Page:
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About Face

About Face

It must be very confusing to read a variety of articles in the lay press presenting different operations for Facelifting. People reading these articles, I am sure find them informative but sometimes confusing.

It was my recent pleasure to attend a major Aesthetic Plastic Surgery Conference in Melbourne where the guest speakers spoke specifically about Facelifting.

One was a guest from Paris. He was instrumental in working out the anatomy of the planes of the face and designed some of the major Facelifts which are currently performed. Most specifically he was instrumental in developing the SMAS lift and the Dual Plane Lift.

The other speaker was somewhat younger and had taken his understanding of anatomy to develop a different style of facelift. This is called the MACS lift.

What do all these abbreviations mean and what is all this anatomy that we as surgeons interfere with in an attempt to rejuvenate faces.

The Mini Facelift is a facelift with reduced dissection of skin and tissues. It involves excision of some skin from in front of and occasionally behind the ear.

More recently a variation of this has become popularised as the S lift. This is quite simply a variation where there is an incision placed in front of the ear but then extending along the lower border of the hairline onto the face.

The skin is dissected up and then excess skin is excised.

The SMAS layer is the next layer of tissue underneath the skin. I guess you could compare it a little to a foundation garment. It is underneath your clothing and it supports the tissues.

Various procedures have been described to rearrange the deeper layers. They include extensive dissection and even excision of some of the SMAS layer from the region of the cheek in front of the ear and extending down into the neck. The layer is then pulled up and back and repaired in an attempt to relift the deeper tissues of the face. These are the many varieties of Dual Plane and SMAS lift procedures.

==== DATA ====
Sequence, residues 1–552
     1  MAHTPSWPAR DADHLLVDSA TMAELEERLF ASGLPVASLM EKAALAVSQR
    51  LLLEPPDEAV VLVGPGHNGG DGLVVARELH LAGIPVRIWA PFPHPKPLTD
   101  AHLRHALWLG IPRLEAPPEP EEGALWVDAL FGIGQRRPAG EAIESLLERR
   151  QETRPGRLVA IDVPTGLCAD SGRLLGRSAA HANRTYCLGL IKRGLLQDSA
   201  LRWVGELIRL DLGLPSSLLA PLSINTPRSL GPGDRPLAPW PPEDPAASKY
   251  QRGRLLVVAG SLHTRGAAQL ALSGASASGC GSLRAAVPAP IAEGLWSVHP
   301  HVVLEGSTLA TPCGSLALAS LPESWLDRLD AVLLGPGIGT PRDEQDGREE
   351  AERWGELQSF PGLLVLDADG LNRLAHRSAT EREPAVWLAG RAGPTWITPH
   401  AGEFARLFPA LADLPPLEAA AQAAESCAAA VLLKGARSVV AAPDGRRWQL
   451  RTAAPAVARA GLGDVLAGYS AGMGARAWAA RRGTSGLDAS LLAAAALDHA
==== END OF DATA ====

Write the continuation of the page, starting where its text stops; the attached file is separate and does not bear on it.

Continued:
They have been popular and used extensively over the last 25 to 30 years.

Surgeons will vary in the extent to which they lift up this layer. There is no doubt that as the layer comes forward on the face, there is perhaps an increased chance of damage to the nerves to the face. There is a feeling however that in some cases, particularly where there are problems in the neck, it is important to carryout this dissection and even divide the layers of the SMAS to obtain an optimal result.

The MACS lift is really something of a combination of a very extended S lift with a superficial SMAS lift. The incision is much the same as for an S lift but the dissection of tissue carried out is certainly more extensive.

The SMAS is lifted but is not cut. It is lifted by a series of sutures that are quite simply used to “pleat” the layer up.

With the extended SMAS lifts and with the MACS lift there is also a lifting and excision of the skin.

So what does all this mean? It means that for any given individual there are a variety of combinations of surgeries operating on both the deeper layer of tissue and or the skin layer of tissue to provide an optimal result. An understanding of these procedures, an understanding of the individual needs of patients and a balance of the risks and the safety involved, are what we as surgeons need to consider.